Small landlords are increasing in number throughout the country. With the advent of vacation and short-term rentals as well as the financial benefits of owning just one, two, or three rental units as a side business, the appeal is easy to see.
But new landlords can get themselves into sticky tax trouble or end up with a tax bill if they fail to understand certain specific rules that apply to the landlord profession. For instance, do you know how to properly account for various types of rental income? Here are a few key points to keep your landlord business on the up-and-up in three common situations.
1. Security Deposits
Most landlords require some kind of refundable security deposit in case the tenants, their friends, or their pets damage the home. Security deposits can run into the thousands of dollars and they generally get settled up months or years after collected.
So, when are they considered income? Generally, refundable deposits are not reported as income when received because that money may or may not be kept by the landlord. The income is recognized when the tenant ends their lease and the deposit is accounted for, fully returned, partially returned, or kept.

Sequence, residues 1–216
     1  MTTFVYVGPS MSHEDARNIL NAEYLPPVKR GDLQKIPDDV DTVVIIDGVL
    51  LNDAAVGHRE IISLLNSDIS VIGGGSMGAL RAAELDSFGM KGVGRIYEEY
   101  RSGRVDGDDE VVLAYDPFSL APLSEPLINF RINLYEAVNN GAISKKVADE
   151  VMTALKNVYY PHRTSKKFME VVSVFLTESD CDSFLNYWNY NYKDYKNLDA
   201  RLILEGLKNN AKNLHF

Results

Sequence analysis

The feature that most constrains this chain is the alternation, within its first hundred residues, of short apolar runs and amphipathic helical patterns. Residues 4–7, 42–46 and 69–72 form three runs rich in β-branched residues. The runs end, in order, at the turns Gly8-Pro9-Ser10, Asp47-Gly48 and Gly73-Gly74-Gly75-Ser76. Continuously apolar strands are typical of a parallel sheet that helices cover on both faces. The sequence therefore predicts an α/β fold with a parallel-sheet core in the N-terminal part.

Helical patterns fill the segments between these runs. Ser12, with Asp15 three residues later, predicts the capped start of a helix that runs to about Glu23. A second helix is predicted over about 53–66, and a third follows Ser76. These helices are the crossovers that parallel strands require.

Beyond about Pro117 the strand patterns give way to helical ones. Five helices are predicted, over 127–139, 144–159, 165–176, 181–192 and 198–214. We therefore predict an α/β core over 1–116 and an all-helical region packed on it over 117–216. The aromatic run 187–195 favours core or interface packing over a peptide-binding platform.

2. Prepaid Rent
Prepaid rent often includes payment for the final month in advance when a person rents the unit. While this may seem very similar to security deposits, it is treated differently for taxes. In this case, the rent is income when it is paid to the landlord (including short-term rental owners).
Why the change? Simply put, prepaid rent is not generally given back to the tenant. Since it will be kept, the landlord must report it as income when he or she receives it. This holds true whether the landlord uses the cash method of accounting or the accrual method.
3. Tenant Improvements
What if your tenant does improvements to the unit? The tax treatment depends on whether or not this improvement is accepted in lieu of rent. If it was, the improvements are considered rental income when accepted. If the improvements are not in lieu of rent, then they are not rental income. Changes that increase the unit's value, though, may need to be capitalized as part of the tax basis of the building.
For some small landlords, incorrect treatment of income might not have a large effect on their tax bill. But if your units turnover often, they have high dollar values, or you plan to keep growing your business, these dollar amounts can turn into thousands of dollars. And that adds up quickly.
Your best bet is to work with a qualified CPA (certified public accountant) with experienced in the rental industry. Contact a firm, like John M Vlasac & Company, to learn how to avoid any IRS entanglements.